2236..    56673  Mr. Hall, TX......................................        X                                    
2246..    53665  Mr. Boehlert, NY..................................        X                                    
2446..    55261  Mr. Traficant, OH.................................        X                                    
2159..    53515  Mr. Fawell, IL....................................        X                                    
2432..    52031  Mr. Hayes, LA.....................................        X                                    
106...    55341  Mrs. Morella, MD..................................        X                                    
1127..    54714  Mr. Tanner, TN....................................        X                                    
2452..    52011  Mr. Curt Weldon, PA...............................        X                                    
2448..    55071  Mr. Geren, TX.....................................        X                                    
2338..    52415  Mr. Rohrabacher, CA...............................        X                                    
407...    53915  Mr. Roemer, IN....................................        X                                    
2404..    56316  Mr. Schiff, NM....................................        X                                    
236...    54801  Mr. Cramer, AL....................................  .......        X                           
2264..    52002  Mr. Barton, TX....................................        X                                    
1410..    58171  Mr. Barcia, MI....................................        X                                    
1034..    51986  Mr. Calvert, CA...................................        X                                    
217...    56411  Mr. McHale, PA....................................        X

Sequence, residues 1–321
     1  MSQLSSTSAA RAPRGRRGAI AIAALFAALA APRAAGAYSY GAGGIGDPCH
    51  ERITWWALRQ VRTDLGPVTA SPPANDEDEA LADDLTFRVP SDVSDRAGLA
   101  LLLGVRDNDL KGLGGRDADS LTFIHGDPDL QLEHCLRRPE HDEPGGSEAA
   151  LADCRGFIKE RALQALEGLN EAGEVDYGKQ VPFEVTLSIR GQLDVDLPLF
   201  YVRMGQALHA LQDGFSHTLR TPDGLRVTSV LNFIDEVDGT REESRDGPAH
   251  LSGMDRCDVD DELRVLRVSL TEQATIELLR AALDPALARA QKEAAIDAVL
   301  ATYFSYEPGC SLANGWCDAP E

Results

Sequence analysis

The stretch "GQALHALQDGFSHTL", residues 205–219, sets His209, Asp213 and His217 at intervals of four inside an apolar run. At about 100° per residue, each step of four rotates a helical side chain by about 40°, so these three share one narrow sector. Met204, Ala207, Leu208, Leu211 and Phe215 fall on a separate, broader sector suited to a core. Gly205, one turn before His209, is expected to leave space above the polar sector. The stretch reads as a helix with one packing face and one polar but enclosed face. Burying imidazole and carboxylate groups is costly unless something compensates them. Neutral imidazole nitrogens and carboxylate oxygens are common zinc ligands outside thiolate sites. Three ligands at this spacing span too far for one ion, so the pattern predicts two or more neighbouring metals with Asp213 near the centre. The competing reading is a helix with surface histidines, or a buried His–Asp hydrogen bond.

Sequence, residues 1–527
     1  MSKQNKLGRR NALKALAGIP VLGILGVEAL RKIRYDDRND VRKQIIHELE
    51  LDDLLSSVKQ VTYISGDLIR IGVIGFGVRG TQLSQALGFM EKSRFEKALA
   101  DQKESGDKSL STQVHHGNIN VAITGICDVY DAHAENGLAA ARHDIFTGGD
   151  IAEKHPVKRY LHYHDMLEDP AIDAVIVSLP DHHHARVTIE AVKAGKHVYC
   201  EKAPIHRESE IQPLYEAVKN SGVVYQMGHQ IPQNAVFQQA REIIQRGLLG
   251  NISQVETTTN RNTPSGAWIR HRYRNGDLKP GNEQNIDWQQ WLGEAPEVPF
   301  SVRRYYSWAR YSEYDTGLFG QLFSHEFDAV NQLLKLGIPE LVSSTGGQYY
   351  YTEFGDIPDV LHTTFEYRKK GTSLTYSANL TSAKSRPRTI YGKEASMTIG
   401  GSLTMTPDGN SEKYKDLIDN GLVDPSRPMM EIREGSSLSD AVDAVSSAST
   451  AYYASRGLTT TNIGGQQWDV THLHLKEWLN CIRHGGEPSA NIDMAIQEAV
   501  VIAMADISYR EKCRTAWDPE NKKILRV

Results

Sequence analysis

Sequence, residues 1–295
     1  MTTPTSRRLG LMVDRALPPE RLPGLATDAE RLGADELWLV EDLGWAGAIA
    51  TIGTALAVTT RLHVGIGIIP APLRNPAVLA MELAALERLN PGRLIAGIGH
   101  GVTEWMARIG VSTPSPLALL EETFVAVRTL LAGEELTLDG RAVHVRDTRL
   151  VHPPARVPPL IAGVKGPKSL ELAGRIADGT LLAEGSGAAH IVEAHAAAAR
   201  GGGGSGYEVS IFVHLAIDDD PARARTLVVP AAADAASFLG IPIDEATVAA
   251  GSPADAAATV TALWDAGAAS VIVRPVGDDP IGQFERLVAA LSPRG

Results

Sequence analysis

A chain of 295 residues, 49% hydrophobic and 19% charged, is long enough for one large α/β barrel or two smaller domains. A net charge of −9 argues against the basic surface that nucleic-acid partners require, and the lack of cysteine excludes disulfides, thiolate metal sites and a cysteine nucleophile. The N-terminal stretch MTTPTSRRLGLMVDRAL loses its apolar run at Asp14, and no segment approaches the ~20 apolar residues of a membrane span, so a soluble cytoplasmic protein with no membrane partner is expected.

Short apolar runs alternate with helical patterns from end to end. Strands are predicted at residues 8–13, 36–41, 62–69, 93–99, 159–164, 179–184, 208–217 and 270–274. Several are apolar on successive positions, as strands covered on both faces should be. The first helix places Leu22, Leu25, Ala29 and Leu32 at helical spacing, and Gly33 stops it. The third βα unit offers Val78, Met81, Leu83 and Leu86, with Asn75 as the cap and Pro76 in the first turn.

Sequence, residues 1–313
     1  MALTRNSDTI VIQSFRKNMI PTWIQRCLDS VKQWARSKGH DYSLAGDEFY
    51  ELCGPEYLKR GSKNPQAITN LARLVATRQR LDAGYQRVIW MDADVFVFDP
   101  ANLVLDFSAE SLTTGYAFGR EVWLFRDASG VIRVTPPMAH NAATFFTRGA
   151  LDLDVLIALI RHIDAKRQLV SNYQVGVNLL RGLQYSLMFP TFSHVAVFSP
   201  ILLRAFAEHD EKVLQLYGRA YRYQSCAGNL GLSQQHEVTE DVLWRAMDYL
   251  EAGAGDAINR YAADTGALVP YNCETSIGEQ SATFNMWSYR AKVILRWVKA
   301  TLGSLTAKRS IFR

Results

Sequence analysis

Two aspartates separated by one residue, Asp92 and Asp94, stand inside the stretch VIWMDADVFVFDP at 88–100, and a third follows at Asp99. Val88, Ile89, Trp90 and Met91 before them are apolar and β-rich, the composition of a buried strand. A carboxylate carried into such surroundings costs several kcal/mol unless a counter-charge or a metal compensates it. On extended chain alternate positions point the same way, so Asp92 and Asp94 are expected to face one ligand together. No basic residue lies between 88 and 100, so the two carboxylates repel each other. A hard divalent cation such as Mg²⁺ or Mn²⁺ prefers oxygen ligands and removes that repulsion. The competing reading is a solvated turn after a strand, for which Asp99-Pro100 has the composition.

1724..    51880  Mr. Baker, CA.....................................        X                                    
325...    58220  Ms. Harman, CA....................................        X                                    
322...    52721  Mr. Bartlett, MD..................................        X                                    
1123..    58885  Ms. Johnson, TX...................................        X                                    
1717..    53831  Mr. Ehlers, MI....................................        X                                    
1415..    52331  Mr. Minge, MN.....................................        X                                    
423...    53271  Mr. Wamp, TN......................................        X                                    
1027..    55335  Mr. Olver, MA.....................................        X                                    
216...    53671  Mr. Dave Weldon, FL...............................        X                                    
1039..    51313  Mr. Hastings, FL..................................        X                                    
1429..    55301  Mr. Graham, SC....................................        X                                    
1116..    56261  Ms. Rivers, MI....................................        X                                    
115...    52635  Mr. Salmon, AZ....................................        X                                    
1232..    54535  Ms. McCarthy, MO..................................        X                                    
415...    51492  Mr. Davis, VA.....................................        X                                    
1032..    55401  Mr. Ward, KY......................................        X                                    
417...    56565  Mr. Stockman, TX..................................        X                                    
118...    53072  Ms. Lofgren, CA...................................        X                                    
425...    52472  Mr. Gutknecht, MN.................................        X                                    
126...    54865  Mr. Doggett, TX...................................        X                                    
1216..    53601  Mrs. Seastrand, CA................................        X                                    
1218..    52135  Mr. Doyle, PA.....................................        X